All company officials who speak to auditors may be forced to notify lawyers
of the disclosures they have made, under new proposals which are likely to place
a heavy burden on companies worldwide.
The International Federation of
Accountants has made the suggestion in drawing up ISA580, which aims to lay
down the basic premises of financial statements and those responsible for them.
Currently, only company directors need to get the legal sign-offs.
Auditors speak to hundreds of people when conducting audits, meaning the
extension could lead to huge piles of extra paperwork.
A high-profile gathering at the regulator’s offices is set to discuss the
contentious standard today.
The move could mean all those who speak to auditors would give ‘written
representations’ rather than providing information informally.
Deloitte partner Martyn Jones said: ‘There is a danger that if such
individuals were now made to also give written representations, we could create
an environment of a paper chase. But on the other side of it, what you want is
the right type of processes in place to make sure proper disclosures are made.
‘It is all very emotive, because it opens up an issue as to how much
ownership of information and system control directors want to sign up to,’ said
IFAC standards provide general guidance to standards setters, but are
invariably adopted in the UK.
Morley Fund Management’s head of European governance Iain Richards said the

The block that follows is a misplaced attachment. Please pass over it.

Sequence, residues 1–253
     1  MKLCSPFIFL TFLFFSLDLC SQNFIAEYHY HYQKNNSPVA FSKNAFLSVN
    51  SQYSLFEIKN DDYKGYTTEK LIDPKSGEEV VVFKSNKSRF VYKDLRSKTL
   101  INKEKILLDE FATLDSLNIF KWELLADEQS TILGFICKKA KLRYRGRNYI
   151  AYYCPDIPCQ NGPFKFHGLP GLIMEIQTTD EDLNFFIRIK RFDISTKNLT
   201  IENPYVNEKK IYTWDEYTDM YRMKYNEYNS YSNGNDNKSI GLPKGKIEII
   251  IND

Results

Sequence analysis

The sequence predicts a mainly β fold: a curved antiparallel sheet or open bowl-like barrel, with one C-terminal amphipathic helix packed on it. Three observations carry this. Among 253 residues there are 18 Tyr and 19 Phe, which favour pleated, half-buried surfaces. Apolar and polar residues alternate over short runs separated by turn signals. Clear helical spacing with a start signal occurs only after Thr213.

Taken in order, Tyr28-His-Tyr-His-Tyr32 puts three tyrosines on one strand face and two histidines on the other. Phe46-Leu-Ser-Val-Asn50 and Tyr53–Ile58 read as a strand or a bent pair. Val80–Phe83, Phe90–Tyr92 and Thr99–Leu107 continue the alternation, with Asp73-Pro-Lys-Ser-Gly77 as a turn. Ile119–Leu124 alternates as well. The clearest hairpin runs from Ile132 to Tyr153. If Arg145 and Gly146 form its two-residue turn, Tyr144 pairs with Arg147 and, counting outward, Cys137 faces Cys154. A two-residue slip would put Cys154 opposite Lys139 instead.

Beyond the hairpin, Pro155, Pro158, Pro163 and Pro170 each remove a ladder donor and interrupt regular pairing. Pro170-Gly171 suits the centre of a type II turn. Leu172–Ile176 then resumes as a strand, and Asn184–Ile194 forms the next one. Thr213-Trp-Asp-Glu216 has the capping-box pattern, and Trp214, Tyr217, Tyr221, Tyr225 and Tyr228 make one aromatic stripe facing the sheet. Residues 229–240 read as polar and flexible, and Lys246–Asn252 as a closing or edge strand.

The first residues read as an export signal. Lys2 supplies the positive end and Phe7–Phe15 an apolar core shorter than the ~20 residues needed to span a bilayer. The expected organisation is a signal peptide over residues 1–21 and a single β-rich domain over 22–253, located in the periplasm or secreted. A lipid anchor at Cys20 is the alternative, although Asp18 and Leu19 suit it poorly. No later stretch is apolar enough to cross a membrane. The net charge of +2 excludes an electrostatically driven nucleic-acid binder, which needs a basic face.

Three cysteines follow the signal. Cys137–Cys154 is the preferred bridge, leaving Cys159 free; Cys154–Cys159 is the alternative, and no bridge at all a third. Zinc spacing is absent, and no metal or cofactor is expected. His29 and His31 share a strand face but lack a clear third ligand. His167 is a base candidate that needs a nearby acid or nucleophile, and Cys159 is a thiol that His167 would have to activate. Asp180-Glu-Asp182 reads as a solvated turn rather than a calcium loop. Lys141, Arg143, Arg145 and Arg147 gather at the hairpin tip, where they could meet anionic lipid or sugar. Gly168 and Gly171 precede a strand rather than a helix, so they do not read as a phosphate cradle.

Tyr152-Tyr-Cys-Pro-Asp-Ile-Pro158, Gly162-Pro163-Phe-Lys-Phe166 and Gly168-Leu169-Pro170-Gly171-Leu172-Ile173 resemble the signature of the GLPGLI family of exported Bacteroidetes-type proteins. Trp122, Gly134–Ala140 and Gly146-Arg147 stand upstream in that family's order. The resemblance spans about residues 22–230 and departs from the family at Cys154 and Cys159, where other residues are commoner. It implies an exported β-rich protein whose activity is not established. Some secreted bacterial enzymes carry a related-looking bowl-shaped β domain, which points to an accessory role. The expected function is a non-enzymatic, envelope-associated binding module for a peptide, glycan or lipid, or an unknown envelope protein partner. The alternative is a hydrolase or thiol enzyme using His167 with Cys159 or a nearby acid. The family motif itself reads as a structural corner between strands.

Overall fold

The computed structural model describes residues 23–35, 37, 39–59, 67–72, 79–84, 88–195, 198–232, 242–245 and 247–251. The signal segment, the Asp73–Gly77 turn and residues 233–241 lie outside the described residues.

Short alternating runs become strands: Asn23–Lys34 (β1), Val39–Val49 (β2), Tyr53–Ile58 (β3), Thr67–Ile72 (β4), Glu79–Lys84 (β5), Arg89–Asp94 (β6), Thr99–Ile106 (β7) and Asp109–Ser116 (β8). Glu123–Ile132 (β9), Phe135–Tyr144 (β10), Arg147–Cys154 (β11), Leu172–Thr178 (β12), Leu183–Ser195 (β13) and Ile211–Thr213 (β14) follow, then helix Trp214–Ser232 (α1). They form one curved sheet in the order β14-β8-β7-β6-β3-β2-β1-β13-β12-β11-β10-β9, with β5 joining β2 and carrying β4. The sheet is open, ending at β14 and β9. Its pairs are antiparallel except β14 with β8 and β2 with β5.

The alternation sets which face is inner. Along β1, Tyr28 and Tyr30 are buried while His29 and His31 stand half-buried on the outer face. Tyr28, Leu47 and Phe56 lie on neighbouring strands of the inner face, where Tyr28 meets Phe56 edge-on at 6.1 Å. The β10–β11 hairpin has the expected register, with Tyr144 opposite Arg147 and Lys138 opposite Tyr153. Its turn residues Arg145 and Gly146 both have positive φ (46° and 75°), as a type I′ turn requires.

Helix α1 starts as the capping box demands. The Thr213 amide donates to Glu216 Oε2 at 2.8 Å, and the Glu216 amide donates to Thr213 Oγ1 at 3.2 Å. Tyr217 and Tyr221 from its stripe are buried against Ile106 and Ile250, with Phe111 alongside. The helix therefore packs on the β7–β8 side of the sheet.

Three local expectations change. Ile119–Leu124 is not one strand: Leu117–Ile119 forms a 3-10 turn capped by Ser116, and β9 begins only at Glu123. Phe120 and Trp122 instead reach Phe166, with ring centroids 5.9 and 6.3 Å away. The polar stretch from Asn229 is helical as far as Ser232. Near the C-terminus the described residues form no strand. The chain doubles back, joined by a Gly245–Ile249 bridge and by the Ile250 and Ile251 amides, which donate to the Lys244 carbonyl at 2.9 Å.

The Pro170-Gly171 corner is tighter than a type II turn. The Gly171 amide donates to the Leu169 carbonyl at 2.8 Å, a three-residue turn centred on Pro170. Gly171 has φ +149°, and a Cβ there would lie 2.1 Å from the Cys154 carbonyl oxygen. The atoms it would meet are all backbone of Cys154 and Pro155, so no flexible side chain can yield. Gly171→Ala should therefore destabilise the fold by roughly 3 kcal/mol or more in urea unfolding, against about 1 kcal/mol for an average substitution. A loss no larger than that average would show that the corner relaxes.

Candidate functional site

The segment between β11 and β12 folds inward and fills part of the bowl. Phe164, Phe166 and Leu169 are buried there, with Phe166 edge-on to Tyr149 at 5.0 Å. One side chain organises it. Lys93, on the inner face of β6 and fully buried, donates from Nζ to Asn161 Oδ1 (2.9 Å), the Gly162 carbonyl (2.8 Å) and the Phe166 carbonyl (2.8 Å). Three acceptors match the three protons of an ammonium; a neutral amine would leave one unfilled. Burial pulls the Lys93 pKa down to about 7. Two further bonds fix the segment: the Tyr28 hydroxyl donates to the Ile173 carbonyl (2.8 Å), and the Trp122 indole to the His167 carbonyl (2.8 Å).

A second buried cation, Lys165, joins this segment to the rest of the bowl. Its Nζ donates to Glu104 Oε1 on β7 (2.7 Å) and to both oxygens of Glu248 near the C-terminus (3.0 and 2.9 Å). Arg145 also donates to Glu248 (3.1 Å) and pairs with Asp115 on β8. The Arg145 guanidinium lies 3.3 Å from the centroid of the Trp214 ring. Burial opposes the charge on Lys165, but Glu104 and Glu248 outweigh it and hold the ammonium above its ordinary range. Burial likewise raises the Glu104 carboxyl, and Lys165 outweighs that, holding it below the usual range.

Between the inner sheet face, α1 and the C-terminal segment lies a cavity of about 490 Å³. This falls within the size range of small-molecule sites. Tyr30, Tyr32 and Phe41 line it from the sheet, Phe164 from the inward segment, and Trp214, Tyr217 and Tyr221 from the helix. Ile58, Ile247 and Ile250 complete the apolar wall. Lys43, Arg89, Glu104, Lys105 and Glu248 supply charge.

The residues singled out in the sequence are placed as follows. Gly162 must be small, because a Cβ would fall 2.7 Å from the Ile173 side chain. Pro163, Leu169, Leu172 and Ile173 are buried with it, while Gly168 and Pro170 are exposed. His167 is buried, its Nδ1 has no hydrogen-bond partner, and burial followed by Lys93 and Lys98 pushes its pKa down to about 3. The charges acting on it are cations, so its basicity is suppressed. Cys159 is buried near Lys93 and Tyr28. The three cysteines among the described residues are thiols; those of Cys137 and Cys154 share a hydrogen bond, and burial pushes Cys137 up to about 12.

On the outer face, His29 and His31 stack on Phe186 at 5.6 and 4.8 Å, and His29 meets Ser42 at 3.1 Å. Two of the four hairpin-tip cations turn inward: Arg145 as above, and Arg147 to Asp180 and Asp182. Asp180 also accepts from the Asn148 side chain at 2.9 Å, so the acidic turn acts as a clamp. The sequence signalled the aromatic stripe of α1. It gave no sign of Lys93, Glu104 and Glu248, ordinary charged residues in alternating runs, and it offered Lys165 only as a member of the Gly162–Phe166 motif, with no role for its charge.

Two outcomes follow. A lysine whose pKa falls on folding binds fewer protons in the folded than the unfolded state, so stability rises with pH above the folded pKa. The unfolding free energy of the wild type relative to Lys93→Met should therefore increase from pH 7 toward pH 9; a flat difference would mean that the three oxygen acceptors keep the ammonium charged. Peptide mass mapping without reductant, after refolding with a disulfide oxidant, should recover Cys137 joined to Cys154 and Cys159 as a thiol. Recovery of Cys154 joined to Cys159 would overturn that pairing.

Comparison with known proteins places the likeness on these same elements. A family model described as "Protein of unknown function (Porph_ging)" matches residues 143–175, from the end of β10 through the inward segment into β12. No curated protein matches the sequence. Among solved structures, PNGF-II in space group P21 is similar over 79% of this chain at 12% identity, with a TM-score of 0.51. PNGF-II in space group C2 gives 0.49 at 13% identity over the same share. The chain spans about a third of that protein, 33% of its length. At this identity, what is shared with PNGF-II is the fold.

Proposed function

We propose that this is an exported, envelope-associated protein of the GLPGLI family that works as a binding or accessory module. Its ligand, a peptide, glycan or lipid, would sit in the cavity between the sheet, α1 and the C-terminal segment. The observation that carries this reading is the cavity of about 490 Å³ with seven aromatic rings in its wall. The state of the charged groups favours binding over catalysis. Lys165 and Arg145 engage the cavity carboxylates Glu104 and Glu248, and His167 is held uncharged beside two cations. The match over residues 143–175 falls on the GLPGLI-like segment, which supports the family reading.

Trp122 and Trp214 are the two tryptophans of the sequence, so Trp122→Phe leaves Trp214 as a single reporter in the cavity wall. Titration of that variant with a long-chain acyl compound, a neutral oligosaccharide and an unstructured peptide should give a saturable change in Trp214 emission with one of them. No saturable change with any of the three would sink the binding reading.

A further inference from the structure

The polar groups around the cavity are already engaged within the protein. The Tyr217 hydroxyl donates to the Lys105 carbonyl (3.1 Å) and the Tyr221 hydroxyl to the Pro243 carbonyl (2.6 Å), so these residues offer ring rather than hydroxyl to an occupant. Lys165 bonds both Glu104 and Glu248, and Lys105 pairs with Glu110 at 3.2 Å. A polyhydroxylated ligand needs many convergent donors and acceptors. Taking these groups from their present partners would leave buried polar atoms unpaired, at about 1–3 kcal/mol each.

standard was an area of concern. ‘This is bureaucracy and process. What counts
at the end of the day is how rigorous the auditors are. What we want to see is
the old format in which auditors should be expected to obtain all information
and explanations to the best of their knowledge and expertise.’
IFAC is looking to receive consultations by the end of April.
Jon Grant, executive director of the
Board, said that US auditors tended to collect more comprehensive
representations than their foreign counterparts.
‘In trying to achieve more international consistency the exposure draft
distinguishes between general representations, which relate to management’s
general responsibilities for the preparation of the financial statements and
specific representations. One of the issues for the UK is how the general
representations set out in the draft ISA580 relate to the legal responsibilities
of directors,’ he said.
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